The only other constant which may compete for similar prominence is phi , though phi is more subtle and not really as often visible as pi .... well..... I must stop with these rhetorics ... and get to business ...... 2 python recursions (1) Ramanujan's formulation (2) Wallis Product.

(1) Ramanujan's formulation

One of the most exotic and 'very fast converging' series for computing pi was given by Ramanujan...

A corresponding python program is ....

Fig 1. piramanujan.py

The program gives very accurate value of pi (3.14159265381), however the limit of recursion is reached in about 20 terms ...

(2) Wallis Product

An evaluation of pi in a 'product' form of an infinite series was given by English mathematician John Wallis.

The python program is ....

Fig 2. piwallis.py

The limit of recursion is at about 995 terms .

Though life can be made much easier ... away from these recursions by importing pi from math .....

Fig 2. pisimple.py

Wednesday, September 16, 2009

PYTHON RECURSIONS FOR 'pi' AND 'e'

FROM THE BASEL PROBLEM

The problem which put Euler on the path of immortality was the BASEL PROBLEM solved in 1735, 91 years since it was proposed . Succinctly put Euler's proof was ;

Using this result to obtain a recursion for pi in Python !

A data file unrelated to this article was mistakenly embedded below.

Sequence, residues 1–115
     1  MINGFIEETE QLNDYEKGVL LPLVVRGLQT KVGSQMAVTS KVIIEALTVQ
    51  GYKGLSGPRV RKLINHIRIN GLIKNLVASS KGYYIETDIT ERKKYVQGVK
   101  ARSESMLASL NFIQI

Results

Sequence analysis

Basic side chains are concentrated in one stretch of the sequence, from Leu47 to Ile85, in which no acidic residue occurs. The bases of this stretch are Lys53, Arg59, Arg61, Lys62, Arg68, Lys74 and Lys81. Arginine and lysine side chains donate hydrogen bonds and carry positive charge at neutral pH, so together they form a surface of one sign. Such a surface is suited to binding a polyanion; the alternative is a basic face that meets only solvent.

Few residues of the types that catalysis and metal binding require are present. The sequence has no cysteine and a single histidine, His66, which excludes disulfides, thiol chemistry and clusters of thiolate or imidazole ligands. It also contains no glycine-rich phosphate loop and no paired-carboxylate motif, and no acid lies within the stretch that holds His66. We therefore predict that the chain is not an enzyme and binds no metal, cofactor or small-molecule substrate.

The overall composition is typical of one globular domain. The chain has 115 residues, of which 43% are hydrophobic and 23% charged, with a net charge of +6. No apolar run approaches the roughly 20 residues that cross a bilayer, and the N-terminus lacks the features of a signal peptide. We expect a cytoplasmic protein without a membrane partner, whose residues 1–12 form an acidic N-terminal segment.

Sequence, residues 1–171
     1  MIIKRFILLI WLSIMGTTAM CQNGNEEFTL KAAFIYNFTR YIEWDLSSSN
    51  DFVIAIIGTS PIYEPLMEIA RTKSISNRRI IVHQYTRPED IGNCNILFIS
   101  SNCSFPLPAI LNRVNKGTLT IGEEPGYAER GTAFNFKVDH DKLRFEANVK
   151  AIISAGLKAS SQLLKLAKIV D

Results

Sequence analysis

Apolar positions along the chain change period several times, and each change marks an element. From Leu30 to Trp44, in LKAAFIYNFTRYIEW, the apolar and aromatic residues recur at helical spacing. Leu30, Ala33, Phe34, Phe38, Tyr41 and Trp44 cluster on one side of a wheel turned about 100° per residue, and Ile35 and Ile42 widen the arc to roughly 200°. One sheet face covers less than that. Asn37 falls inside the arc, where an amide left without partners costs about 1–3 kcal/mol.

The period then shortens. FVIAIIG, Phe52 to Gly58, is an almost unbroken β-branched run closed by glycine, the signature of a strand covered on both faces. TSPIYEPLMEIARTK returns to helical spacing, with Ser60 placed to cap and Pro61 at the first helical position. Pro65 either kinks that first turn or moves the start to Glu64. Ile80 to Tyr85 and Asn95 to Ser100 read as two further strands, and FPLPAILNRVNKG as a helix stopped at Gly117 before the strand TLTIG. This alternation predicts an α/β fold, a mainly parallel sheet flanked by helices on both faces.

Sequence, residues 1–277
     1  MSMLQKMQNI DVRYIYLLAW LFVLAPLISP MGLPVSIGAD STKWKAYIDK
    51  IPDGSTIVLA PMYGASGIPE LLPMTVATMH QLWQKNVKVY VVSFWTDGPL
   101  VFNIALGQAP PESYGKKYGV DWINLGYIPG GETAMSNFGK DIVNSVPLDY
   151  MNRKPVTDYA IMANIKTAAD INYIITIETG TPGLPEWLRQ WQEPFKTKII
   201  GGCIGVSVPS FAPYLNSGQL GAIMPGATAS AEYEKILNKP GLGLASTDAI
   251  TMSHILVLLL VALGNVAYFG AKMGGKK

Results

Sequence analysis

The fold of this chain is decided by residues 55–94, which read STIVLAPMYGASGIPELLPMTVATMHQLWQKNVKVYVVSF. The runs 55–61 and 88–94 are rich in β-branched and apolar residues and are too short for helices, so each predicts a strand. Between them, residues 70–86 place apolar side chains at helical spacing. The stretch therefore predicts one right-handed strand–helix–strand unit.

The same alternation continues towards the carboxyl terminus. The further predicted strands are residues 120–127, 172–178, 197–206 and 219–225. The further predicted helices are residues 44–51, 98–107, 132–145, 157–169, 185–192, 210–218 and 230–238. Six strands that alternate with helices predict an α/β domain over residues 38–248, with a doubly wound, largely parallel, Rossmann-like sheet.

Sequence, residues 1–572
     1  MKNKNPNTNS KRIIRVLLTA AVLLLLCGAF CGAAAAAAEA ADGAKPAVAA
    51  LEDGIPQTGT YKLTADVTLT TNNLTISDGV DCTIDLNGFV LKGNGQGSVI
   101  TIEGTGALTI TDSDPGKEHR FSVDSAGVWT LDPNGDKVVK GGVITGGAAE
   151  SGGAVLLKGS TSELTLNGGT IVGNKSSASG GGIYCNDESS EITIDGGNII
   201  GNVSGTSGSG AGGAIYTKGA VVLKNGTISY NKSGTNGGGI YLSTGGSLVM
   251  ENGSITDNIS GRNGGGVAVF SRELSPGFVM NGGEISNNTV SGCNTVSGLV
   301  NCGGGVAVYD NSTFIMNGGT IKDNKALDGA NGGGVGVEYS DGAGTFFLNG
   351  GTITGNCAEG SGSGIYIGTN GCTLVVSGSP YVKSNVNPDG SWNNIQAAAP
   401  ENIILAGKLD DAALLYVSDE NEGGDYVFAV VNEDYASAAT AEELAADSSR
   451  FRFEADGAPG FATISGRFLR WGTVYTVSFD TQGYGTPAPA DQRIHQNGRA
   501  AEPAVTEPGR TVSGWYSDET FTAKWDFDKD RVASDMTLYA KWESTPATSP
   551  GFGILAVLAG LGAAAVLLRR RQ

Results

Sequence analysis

Pic 1. pi.py

At 500 terms the result is 3.13968..... not too far from the sinister 3.1415.....The recursions are good till about 995 terms (3.14063326091) after which one comes across .... RuntimeError: maximum recursion depth exceeded

Similar programs may be devised on more series as given by Euler, as .....


RECURSIONS FOR e

e the base of natural logarithm is yet another important constant in mathematics .... and once again related to Euler .....

A python program on this recursion is designed via the factorial function ....

Pic 2. e.py

The limit of recursion is around n = 170 which yields a very accurate value of e.

Thus in a nutshell .....

"Read Euler, read Euler, he is the master of us all."
-- Pierre-Simon Laplace

REFERENCES
(1) Recursive functions for phi and root two
(2) Other pi recursions in Python

STARRY THINGS !

ONCE UPON A STAR LIT SKY

I discuss 2 programs which try to mimic stars in the sky.

Program 1 (stars.py)
This program comes along with examples in the official pygame package , very nice introductory example. With every mouse click the supposed center of the screen moves to that point. Creates a good illusion and can be used as the start-up for further futuristic starry games and animations.